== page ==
It's popular to run down Lucas but I can say for certain that I have been on the side of the road only once in the hundred or more thousand miles I have ridden British bikes. The power wire to the coils broke right by the second crimp at the blade terminal. 1969 BSA Lightning 650. Took all of about 5 minutes of trouble shooting to find the trouble, and about a minute to strip back the insulation, fold the wire over the terminal and push the wire terminal on over the wire. One kick and we are on the road again. Lucas is much better than the crap they put on italian bikes.
    In my motorcycling days I owned about 40 motorcycles. 8 of them were British: 3 BSA's, 2 Matchless, 2 AJS and one Triumph. All had Lucas electrics, generators and magnetos. The magnetos were OK generally but the lights were only so-so. There was a saying: Lucas lights are like the sun and when the motor drops to an idle, the sun sets. "

    I had a BSA Racing bike where the rotor in the magneto would get wet from condensation and the result was weak spark. I finally disassembled it and baked the rotor in an oven and dried it out. I then coated it with epoxy and it worked fine after that.

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    There is no electric power when the system goes to shit.
    Nothing, zero zip.
    That is deal behind the system. Fail safe. Not fail maybe, not I hope there is battery.
    This is why it works, no power... stop. This sometimes leads to skid marks you see on the freeway that seem weird and go off to the side. Exciting.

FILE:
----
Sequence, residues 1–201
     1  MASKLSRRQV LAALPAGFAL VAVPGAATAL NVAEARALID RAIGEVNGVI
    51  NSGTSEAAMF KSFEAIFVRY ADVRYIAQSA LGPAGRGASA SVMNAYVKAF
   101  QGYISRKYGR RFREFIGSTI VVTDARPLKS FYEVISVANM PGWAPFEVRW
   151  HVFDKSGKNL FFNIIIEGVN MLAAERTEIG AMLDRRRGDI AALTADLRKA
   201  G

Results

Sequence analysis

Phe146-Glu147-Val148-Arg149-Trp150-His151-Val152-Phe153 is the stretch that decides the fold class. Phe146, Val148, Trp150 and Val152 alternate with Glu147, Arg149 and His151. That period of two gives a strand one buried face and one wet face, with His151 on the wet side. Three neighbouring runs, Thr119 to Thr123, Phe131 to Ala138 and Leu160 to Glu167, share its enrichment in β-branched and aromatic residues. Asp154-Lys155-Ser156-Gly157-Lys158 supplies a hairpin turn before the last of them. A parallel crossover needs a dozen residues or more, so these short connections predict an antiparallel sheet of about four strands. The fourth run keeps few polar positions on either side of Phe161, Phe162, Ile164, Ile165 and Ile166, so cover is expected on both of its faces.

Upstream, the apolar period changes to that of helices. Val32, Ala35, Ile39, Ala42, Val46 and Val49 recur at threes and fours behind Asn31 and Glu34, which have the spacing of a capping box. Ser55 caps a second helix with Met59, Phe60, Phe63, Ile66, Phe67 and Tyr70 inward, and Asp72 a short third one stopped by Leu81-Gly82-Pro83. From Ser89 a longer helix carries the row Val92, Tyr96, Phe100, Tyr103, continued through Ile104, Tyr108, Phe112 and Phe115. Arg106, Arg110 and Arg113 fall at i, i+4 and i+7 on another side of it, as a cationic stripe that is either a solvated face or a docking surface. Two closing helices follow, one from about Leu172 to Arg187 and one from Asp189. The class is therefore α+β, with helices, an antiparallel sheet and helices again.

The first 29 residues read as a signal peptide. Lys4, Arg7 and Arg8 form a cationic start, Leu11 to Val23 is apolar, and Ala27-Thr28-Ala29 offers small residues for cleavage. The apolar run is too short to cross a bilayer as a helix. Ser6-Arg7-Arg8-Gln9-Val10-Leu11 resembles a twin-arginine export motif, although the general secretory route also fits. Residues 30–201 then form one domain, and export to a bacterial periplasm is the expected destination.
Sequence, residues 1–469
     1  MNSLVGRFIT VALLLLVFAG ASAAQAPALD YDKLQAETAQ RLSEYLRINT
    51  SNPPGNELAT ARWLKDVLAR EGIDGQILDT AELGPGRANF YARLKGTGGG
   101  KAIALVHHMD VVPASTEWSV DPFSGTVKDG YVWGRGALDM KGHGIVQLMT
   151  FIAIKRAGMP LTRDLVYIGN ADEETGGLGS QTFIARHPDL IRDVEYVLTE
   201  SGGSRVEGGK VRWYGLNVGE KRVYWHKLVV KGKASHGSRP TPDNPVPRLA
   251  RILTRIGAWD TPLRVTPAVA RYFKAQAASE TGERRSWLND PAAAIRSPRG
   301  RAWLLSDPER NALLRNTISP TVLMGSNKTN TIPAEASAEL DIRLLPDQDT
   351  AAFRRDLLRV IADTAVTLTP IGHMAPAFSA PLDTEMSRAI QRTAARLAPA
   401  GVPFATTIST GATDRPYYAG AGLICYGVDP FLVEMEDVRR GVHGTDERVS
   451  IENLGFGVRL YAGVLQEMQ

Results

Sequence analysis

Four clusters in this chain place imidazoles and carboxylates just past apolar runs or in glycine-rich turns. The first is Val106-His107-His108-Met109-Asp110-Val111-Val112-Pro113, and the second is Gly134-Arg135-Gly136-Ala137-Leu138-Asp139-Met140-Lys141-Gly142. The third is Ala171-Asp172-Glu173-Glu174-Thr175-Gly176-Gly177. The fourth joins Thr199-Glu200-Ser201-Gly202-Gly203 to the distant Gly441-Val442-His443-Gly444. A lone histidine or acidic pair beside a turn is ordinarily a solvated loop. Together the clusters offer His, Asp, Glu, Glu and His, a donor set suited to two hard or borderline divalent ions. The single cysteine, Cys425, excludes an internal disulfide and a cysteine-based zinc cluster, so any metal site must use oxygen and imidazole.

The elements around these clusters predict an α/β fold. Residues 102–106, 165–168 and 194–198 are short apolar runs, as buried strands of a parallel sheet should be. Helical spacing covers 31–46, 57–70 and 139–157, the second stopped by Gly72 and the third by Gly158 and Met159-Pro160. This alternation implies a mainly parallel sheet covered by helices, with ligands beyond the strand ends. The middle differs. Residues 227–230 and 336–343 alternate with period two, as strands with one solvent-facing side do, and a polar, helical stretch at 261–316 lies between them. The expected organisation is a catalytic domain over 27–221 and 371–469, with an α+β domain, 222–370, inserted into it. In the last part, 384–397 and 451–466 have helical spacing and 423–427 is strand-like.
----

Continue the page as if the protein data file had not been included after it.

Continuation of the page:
And by the way your computer anti lock brakes still work, they are not electric brakes. It is a module in between and it will shut down if the computer and it are not happy.
    Bob

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    The most effective electric brake ever put on trucks was the old "Telma Retarder"....the things were fantastic,especially in the days when most truck brakes were undersized....Eddy current braking, self cooling ,and using no more than a few amps of current from the batteries.

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    The original Le Tourneau electric wheels had electric brakes using multiple discs ,like a multiplate clutch.

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    Quote Originally Posted by john.k View Post
    The most effective electric brake ever put on trucks was the old "Telma Retarder"....the things were fantastic,especially in the days when most truck brakes were undersized....Eddy current braking, self cooling ,and using no more than a few amps of current from the batteries.
    They are still in business, they are used in dynamometers as well.